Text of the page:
ROUND PEGS AND SQUARE HOLES . . . FRUSTRATION

ROUND PEGS AND SQUARE HOLES . . . FRUSTRATION

If you have ever had the opportunity to watch a very small child trying to develop motor skills, you know as they get older, they get frustrated. At the earliest point, they are happy just trying to put the pegs in the holes. If one doesn't work, no problem, there is another. As they get older, they are not as patient. The pegs are supposed to go into the holes. It takes a bit to learn which peg will work with each hole.

 

Once the skill is mastered, it becomes a default. We believe that every round peg will have to be in a round hole and every square peg will fit in a square hole. It becomes exponential. Learned patterns are comfortable. We don't have to think. Sadly, it is easy not to be challenged. 

 

Art falls into these sort of patterns as well. Even though art is always evolving, eventually a style is accepted and becomes a norm. It has been that way since the Renaissance. Equipment and lifestyle brought about most of the changes. Charcoal gave way to lead which gave way to ink. Pigment was ground by the artist, then placed in pig's bladders. The creation of the tube changed that and art became more portable.

 

Two dimension gave way to three dimension. Realism gave way to cubism. Painterly gave way to abstract. It was always art and in always became accepted. These are things learned in Universities or Ateliers. Knowledge becomes power. Knowledge becomes language. 

 

Then there are the Naif artists. Unless you are an artist yourself or have studied art in depth, you probably have not heard of Naif (or Naïve) art, though you may have seen examples without realizing it.  One defining quality of Naif art is that it is a form of visual art that is created by someone who has never received formal artistic education and training. The artists are self-taught, giving credence to the belief that artistic ability is an innate gift.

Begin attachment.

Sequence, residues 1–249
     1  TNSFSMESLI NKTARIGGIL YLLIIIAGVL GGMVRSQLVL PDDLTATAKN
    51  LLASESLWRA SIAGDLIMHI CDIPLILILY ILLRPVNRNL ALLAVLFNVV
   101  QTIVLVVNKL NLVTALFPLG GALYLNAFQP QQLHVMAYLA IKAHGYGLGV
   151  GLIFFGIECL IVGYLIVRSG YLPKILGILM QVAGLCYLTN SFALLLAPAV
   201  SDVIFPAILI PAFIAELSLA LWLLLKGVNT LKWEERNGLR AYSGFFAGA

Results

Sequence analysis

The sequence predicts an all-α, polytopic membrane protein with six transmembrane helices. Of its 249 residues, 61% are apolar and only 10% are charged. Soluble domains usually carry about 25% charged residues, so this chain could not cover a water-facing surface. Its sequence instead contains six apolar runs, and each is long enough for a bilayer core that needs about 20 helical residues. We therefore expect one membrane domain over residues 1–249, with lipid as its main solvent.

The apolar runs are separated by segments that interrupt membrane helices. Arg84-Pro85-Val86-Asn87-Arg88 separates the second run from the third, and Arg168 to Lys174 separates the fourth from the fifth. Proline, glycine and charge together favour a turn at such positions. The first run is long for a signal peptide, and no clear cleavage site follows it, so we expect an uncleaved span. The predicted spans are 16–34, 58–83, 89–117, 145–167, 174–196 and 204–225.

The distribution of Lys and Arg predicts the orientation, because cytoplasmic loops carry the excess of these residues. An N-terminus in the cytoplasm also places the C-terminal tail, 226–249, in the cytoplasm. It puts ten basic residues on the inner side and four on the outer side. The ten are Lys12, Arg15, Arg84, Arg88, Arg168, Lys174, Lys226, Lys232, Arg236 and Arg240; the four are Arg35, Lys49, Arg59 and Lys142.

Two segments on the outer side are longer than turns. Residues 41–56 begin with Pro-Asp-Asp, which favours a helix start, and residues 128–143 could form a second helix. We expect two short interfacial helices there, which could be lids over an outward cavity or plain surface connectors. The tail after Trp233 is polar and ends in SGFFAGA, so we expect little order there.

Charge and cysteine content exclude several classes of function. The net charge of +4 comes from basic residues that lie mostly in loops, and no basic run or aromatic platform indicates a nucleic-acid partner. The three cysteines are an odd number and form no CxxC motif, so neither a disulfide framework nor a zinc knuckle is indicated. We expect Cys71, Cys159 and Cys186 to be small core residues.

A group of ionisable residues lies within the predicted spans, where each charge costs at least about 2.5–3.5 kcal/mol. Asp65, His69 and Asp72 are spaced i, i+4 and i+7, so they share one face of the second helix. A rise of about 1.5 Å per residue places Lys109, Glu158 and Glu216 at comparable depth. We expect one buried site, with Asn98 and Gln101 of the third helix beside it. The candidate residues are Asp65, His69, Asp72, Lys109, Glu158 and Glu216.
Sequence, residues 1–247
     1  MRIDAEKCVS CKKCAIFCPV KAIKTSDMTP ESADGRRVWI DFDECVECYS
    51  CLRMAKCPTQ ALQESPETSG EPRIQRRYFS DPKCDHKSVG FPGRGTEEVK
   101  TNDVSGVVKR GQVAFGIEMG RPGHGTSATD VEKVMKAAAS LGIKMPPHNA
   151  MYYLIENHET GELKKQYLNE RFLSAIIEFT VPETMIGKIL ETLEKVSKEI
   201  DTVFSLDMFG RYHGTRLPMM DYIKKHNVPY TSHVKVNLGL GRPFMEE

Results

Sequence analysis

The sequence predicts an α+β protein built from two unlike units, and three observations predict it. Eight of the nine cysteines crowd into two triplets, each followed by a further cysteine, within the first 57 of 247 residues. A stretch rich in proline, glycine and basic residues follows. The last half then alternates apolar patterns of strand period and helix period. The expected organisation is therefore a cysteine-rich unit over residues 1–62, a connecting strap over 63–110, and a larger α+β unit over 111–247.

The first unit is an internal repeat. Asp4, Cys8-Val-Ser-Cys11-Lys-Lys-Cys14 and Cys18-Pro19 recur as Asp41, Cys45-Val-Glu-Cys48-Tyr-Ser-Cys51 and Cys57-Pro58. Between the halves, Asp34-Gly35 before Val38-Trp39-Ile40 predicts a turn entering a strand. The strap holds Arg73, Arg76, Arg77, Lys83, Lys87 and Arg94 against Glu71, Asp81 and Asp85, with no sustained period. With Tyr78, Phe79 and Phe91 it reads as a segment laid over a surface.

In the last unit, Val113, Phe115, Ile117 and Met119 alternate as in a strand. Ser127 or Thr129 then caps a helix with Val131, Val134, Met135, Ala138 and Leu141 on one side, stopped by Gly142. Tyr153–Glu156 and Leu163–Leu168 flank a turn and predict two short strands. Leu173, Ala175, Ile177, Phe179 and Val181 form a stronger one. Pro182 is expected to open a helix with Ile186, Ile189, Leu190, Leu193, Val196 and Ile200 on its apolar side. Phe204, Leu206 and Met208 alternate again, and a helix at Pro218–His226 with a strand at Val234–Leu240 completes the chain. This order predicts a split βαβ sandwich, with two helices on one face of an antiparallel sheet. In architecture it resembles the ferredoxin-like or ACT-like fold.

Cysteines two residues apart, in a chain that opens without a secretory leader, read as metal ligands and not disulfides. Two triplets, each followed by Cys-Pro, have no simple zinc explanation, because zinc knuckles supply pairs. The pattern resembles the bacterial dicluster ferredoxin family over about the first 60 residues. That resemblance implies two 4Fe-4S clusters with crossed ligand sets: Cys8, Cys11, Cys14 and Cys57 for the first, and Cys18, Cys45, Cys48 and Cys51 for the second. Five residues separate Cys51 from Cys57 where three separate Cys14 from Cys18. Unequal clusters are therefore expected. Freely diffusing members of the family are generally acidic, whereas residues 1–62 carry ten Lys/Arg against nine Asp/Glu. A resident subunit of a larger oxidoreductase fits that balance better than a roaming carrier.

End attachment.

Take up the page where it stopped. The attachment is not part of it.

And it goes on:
Naif  paintings are recognized for their uncomplicated or youthful simplicity.  They  often apply a flat style to the representation of their subjects with the most basic expression of perspective. At other times, they use atmospheric observation to create depth and/or perspective.

 

Ancient cave paintings are the first example of this art form.  The most well-known are the prehistoric paintings of the Caves of Lascaux in Perigord, France. It makes sense. There were no Universities or Ateliers operating at that time.

 

 

The pieces are often full of color like the cherry blossom scene above. While that tree doesn’t really look like a tree, you still know that’s what it’s meant to be, and that’s part of the appeal of this kind of art.  Another colorful piece is the cityscape below.  You can’t necessarily tell what’s what, and that doesn’t bother you at all!

 

 

 

People are often depicted too, and they are far more elaborate than the stick figures I drew as a kid.  Below is a painting of what amounts to a modern day horse race in Sienna, Italy. There are people and horses, but they are simply and beautifully rendered.
 

 

 

You can see that Naïf art is generally joyful, like this bright painting of a bridge in Paris, and provides a sense of happiness as well as spontaneity.  These pieces of Naif art might not have the dimension of those in other genres, but they are no less beautiful and thought-provoking.

 

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